Many have criticized this film for the slow first hour. This is completely unfounded. While most of the westerns we are used to start off with action and keep up the pace this one has to be different. It is a character study trying successfully to capture the tone and themes of the novel. It takes time to flesh out the different characters and let the audience understand their motivations. Marguerite Roberts provides a script that is faithful to the Portis novel and that in itself is rare with Hollywood. One of the main themes presented here is that of transition. Everyone is experiencing a major arc in their lives. Mattie has to transform from a protected young girl to a determined young woman. She has to cope with the loss of her father while balancing her religious beliefs with her desire for vengeance. La Boeuf also changes through the journey. Initially his motivation was recognition but he comes to see the bigger picture due to his interaction with Rooster and Mattie. His pride gives way to being an unselfish man. One of the best examples of change is with Rooster. He started his life as a store clerk, became an outlaw and finally a marshal. He is facing the end of the road in his life. His reflexes are not what they used to be. He craves drink more than just about anything. He is a shambles of a man but his grit is still there under the surface. Mattie begins to see him as a hero when he takes on four gunmen. One thing about Rooster, he will not back down. The writing here is something you don’t often see in a western. The direction by Henry Hathaway is impeccable. Hathaway has an impressive resume that runs the gamut from westerns to war flicks to the film noir classic ‘Kiss of Death’. This was a man that knew how to present a story correctly.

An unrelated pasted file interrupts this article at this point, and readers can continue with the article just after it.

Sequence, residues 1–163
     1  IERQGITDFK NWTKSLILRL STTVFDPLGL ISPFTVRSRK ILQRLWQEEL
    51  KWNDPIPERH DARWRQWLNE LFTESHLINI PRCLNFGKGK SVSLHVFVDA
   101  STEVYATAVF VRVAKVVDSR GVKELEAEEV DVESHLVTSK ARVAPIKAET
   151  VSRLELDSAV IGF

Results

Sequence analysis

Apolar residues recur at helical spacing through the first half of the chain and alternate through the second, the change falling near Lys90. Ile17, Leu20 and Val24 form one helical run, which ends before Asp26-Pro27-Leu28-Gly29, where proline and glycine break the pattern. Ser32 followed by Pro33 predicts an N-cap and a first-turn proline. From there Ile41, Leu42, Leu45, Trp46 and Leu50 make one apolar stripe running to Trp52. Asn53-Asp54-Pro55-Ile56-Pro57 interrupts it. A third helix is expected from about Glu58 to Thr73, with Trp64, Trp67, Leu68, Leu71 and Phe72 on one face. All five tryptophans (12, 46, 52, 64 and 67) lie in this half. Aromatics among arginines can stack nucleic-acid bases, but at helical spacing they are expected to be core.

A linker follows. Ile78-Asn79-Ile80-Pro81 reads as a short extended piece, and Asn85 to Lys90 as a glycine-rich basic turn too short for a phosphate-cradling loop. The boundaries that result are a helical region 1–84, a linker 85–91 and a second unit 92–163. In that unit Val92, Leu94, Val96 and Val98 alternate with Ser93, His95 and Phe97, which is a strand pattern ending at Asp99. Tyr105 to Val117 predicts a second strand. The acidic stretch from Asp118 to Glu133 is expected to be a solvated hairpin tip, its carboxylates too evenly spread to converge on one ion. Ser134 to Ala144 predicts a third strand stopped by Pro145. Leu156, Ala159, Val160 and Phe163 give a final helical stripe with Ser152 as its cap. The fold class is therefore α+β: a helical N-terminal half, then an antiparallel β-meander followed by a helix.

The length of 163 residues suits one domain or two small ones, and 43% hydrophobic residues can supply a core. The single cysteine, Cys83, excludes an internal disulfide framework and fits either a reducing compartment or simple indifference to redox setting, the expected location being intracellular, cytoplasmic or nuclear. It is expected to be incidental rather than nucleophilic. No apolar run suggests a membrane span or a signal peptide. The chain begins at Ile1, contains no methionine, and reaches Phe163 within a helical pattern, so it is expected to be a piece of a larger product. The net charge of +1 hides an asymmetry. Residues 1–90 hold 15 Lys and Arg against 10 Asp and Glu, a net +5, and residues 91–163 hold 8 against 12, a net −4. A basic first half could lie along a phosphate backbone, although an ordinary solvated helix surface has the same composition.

While the cast is always an important part of any film in a character driven movie like this it can make or break the production. The casting here is nothing short of perfection. Kim Darby embodies her character. She is a slip of a girl whose slight frame is deceptive. She has more strength and determination than most grown men. The scene where she shows her worth by out horse trading men is fantastic. Many singers have tried their hand at acting and failed. Glen Campbell nails his role with talent and flair. His character arc is something special to watch. For the bad guys you couldn’t ask for better than the likes of Robert Duvall and Dennis Hopper. They are men that can bring dimension to any character they take on. Then of course there is the Duke himself, John Wayne. His career spanned many decades but this is the film that finally got him his Oscar. Filmed only a few years after he had a lung removed he not only played a man with true grit he was one. Only Wayne could pull off this role. In the scene where he rides into battle, six shooter in one hand, rife in the other, holding the reigns in his teeth we believe it. A lesser actor would have come across as silly but the Duke is the man who we believe would do this.

Paramount is re-releasing this classic with a truly special edition. Even if you have the version released back in 2000 this one is a must have. The anamorphic 1.85:1 shows hardly any signs of age. It is clear, well balanced and without any transfer artifacts. The sound track offers you a choice between the original mono and a re-mastered Dolby 5.1. The surround track is very well done with better than average especially for a re-master. There are also some great extras provided. There is a commentary by writers and film critics Jeb Rosebrook, Bob Baze Bell and J. Stuart Rosebrook. Their insight into this film is far better than the usual faire. There is also a featurette detailing the task of bringing a novel faithfully to the screen and another about the beautiful western locations used in the film. Added to this is a tribute to John Wayne and a look at law and order in the west. It is rare that a film has something literally for the whole family but this one does. Get it and enjoy it over and over again.

Posted 05/09/07